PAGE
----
Owensboro is shooting to become the northernmost point on the Americana Music Triangle looking to join other cities on the 1,500 mile trail that includes nine music genres.
Currently, New Orleans serves as the southern point while the northern points include the Tennessee cities of Memphis and Nashville.
Aubrey Preston and the Franklin, Tennessee based Americana Music Association created the trail and recently visited Owensboro to discuss with local officials the possibility of including it.
The city's become a hub for bluegrass music and tourism. It's home to the International Bluegrass Music Museum and holds and annual bluegrass festival, the River of Music Party or ROMP, that draws about 20,000 people.
Ground is expected to be broken later this month on the International Bluegrass Music Center in downtown Owensboro. The city has already pledged $3 million to the project and now Daviess County says it’s contributing $500,000 dollars to the project over the next five years.
County Judge-Executive Al Mattingly says the music center will be the next step in the development of downtown that already includes the new convention center and two new hotels.
“This area, this block – an entire block – sits right at the end of that corridor,” said Mattingly. “It certainly will be an attraction to people who come into the community for conventions and in and of itself will be an attractor for visitors.”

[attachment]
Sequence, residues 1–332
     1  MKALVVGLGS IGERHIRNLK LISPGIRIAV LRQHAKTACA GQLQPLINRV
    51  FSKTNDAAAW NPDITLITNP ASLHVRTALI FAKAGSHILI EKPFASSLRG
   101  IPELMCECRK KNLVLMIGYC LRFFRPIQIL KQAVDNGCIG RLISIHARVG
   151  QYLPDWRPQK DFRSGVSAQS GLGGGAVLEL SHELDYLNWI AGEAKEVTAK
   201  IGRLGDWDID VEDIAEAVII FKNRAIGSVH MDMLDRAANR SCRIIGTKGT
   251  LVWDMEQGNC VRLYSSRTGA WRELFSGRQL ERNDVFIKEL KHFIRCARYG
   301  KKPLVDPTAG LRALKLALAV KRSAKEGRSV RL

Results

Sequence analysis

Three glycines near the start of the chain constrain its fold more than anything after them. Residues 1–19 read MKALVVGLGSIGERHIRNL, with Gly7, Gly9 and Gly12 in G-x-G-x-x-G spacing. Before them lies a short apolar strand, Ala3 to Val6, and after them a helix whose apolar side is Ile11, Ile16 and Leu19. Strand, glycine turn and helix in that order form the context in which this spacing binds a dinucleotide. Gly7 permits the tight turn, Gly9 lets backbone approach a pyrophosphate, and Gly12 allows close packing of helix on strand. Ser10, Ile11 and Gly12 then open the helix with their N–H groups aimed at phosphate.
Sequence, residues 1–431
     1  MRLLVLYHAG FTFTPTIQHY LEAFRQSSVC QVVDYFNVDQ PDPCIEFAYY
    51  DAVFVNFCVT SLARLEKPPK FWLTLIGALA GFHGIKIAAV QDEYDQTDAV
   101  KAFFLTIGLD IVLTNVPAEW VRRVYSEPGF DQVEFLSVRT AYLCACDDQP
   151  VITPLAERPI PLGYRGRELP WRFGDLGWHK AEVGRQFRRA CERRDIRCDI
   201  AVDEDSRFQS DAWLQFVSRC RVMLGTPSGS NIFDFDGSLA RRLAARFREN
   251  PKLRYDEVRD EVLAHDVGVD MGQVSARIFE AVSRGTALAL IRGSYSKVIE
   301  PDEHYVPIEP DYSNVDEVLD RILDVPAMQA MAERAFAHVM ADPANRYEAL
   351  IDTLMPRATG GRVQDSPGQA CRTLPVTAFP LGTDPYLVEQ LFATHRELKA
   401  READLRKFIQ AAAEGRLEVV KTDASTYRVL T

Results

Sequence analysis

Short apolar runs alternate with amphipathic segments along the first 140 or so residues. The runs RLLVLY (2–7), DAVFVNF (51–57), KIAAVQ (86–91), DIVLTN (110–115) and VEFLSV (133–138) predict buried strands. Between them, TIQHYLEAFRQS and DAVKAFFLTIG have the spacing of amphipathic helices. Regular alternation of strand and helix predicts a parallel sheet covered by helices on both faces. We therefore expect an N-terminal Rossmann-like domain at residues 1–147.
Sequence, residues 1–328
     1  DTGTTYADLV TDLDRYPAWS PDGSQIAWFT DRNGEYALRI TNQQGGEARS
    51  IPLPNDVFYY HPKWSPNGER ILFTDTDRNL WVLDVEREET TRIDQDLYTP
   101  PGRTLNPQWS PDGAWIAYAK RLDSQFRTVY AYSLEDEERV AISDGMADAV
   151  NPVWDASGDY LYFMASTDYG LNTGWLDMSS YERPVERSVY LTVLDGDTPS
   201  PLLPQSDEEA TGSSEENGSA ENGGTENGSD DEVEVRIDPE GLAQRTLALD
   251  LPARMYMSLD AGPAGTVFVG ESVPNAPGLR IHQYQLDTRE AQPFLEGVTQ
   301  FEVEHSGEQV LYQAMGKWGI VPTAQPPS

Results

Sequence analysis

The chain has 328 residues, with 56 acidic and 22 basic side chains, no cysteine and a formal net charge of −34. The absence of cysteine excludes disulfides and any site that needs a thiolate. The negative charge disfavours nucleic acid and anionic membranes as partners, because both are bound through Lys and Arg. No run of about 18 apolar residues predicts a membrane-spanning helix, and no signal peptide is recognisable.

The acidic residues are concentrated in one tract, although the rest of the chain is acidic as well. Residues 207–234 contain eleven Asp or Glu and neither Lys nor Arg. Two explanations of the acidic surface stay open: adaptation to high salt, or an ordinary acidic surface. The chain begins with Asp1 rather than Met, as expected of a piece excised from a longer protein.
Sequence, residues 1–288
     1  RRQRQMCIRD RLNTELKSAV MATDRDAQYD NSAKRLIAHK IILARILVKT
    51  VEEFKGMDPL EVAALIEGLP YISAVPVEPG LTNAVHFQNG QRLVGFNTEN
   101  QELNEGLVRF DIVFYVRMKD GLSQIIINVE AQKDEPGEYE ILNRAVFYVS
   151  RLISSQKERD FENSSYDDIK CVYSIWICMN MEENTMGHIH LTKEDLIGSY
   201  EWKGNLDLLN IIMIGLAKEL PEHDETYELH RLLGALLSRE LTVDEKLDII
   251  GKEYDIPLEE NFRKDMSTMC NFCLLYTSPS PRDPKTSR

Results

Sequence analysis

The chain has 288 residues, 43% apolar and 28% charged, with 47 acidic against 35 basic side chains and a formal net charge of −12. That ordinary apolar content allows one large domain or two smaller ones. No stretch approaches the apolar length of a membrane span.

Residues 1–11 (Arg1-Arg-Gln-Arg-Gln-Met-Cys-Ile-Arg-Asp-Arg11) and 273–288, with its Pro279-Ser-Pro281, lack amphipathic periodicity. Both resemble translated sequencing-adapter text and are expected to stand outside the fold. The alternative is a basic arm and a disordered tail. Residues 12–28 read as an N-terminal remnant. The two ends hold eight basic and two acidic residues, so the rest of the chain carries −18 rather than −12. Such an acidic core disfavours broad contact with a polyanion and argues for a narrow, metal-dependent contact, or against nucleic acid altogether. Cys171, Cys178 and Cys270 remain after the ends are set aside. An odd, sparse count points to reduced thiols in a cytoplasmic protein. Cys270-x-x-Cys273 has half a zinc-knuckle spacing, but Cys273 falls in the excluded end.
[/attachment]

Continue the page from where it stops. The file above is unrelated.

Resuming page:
Mattingly says the county’s money for the project comes from excess from a hotel-motel tax. He says in the past, similar money has been used to pay a million dollars on a bonded indebtedness of the Riverpark Center.
“We thought that since this [money] comes from visitors who come into this community, it’s specifically tasked to be spent on arts organizations in the downtown area and tourism,” said Mattingly.
The Bluegrass Music Center could open as soon as next year. The $12 million project has also received $5 million dollars in private donations. It's scheduled to include a 1,000-seat indoor theater and a 2,000-seat outdoor stage.
A state lawmaker is pushing for the creation of a bluegrass trail in Kentucky.
Democratic state Sen. Robin Webb of Grayson told The Independent that her proposal seeks to promote traditional Kentucky culture -- specifically Bluegrass music -- and would boost tourism.
Webb says her resolution could be accomplished with little funding -- mostly for signs.
If the proposal gets legislative approval, the Tourism, Arts and Heritage Cabinet would create and promote the bluegrass trail, which would identify and locate venues, festivals, concerts, museums, schools and historic and noteworthy sites that feature bluegrass music.
Webb said she would like to see it begin in eastern Kentucky before it spreads to the rest of the state.
Pokey LaFarge on his musical style, influences and life on the road
Among the things that make Pokey LaFarge stand out: his unique moniker, his throwback sound, the formal attire he often sports on stage and one of the songs from his latest album, which celebrates….a time zone.
I don’t mind the West Coast, and I don’t mind the East Coast, Oh, baby, but I ain’t gonna live on no coast. I’m just a plain ol’ Midwestern boy, gettin’ by on central time.